Saida Hodžić’s The Twilight of Cutting: African Activism and Life after NGOs (University of California Press, 2017) illuminates the myriad state and non-state actors collaborating on campaigns against “Female Genital Mutilation” (FGM) in Ghana, where genital cutting was already on the decline. From a uniquely multi-scalar perspective, Hodžić reveals how cutting emerged as a problem to be shared by African activists, Ghanaian communities, western feminists, cut women, anthropologists, and many others. The following commentaries respond to different features of and arguments in Hodžić’s exciting book, which won the Michelle Z. Rosaldo Book Prize from the Association for Feminist Anthropology and the Amaury Talbot Prize for African Anthropology from the Royal Anthropological Institute. We hope you enjoy!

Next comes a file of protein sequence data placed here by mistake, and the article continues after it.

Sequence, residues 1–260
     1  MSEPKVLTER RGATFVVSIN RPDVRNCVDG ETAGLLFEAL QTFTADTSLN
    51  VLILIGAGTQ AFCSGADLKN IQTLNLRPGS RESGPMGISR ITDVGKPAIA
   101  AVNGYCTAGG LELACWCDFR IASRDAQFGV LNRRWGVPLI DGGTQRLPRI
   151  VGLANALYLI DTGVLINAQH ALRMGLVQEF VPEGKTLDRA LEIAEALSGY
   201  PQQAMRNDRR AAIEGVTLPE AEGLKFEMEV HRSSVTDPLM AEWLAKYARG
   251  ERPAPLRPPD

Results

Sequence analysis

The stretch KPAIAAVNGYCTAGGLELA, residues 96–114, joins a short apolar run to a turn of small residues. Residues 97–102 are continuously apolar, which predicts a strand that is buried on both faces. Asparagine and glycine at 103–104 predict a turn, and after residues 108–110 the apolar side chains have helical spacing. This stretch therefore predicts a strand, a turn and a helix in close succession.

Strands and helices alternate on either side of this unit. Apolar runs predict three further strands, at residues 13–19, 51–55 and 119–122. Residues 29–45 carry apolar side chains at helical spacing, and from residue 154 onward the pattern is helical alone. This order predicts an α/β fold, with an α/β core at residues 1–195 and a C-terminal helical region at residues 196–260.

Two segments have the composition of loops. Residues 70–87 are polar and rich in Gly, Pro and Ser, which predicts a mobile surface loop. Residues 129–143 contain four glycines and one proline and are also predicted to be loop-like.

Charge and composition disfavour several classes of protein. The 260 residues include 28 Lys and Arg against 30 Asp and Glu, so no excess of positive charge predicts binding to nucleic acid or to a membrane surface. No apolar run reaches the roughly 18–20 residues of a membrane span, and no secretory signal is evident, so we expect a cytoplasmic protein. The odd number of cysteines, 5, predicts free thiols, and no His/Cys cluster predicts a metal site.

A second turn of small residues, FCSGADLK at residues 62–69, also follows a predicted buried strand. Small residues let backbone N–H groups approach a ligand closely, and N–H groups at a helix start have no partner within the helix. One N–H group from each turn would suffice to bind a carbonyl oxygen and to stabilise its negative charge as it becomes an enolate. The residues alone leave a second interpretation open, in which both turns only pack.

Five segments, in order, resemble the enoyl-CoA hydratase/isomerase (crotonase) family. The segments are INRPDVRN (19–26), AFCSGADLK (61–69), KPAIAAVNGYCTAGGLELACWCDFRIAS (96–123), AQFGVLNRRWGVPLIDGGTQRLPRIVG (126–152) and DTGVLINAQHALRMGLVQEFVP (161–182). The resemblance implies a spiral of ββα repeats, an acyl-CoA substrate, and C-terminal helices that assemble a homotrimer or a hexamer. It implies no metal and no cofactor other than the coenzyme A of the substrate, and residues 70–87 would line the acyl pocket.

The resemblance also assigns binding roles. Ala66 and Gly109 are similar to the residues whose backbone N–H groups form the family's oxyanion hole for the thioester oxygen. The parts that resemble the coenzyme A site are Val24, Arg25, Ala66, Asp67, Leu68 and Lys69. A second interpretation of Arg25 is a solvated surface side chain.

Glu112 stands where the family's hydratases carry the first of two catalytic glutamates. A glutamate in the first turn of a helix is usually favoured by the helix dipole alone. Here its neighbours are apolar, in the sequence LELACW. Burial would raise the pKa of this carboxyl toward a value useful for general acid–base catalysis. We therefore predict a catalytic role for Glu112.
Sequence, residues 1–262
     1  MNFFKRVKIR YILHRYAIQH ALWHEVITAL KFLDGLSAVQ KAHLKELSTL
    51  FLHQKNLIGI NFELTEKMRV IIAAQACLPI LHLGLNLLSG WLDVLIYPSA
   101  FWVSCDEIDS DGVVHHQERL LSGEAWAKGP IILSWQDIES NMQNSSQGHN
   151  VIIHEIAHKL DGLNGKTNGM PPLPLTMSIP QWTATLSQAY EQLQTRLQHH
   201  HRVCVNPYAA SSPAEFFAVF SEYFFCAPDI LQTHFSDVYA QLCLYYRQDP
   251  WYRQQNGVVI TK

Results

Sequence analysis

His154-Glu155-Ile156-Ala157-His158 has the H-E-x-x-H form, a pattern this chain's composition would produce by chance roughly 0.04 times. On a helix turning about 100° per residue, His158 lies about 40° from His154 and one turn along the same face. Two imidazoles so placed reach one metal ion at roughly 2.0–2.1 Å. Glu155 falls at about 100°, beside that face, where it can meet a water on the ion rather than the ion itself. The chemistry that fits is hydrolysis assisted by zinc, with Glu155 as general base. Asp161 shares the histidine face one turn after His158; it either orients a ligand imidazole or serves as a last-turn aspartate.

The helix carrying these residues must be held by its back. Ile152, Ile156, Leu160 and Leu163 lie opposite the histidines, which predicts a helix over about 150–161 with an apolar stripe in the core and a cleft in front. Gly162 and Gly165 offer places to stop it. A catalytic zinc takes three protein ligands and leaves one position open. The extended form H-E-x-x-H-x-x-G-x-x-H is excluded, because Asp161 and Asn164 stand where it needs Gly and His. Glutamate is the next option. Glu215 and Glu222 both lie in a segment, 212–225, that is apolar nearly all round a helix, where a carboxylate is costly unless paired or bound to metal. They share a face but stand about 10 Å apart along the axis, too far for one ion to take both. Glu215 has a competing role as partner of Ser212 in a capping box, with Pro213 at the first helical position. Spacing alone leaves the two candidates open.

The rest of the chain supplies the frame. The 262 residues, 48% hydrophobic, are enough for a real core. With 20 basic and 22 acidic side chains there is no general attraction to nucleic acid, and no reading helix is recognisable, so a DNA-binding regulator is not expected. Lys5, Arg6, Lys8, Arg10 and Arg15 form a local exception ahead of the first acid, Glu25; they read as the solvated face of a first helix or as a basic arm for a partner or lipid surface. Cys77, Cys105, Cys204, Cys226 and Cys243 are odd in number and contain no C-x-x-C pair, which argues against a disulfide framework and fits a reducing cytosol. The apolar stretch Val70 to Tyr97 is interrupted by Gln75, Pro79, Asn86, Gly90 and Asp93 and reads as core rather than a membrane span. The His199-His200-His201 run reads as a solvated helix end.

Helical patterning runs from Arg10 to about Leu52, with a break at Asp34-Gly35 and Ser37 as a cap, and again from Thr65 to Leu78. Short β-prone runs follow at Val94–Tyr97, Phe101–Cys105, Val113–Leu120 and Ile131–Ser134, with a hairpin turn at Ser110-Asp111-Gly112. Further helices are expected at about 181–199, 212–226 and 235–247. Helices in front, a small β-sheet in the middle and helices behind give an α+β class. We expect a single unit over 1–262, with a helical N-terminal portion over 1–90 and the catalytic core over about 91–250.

A note on terminology: throughout the book forum you will find the terms “cutting,” “female genital mutilation” (FGM), and “female genital cutting” (FGC). Our contributors use these terms differentially.
Erin V. Moore
- Reply: Feminist Anthropology as Fugitive Practice
- Questioning the Zero Tolerance Paradigm and Legal Reform Strategies for Ending Female Genital Cutting: An Emerging Public Discourse in Africa
- Remarks on The Twilight of Cutting
- Book Forum: Crystal (Cal) Biruk’s Cooking Data, Ramah McKay’s Medicine in the Meantime, and Noémi Tousignant’s Edges of Exposure
- Top of the Heap: Zoë H. Wool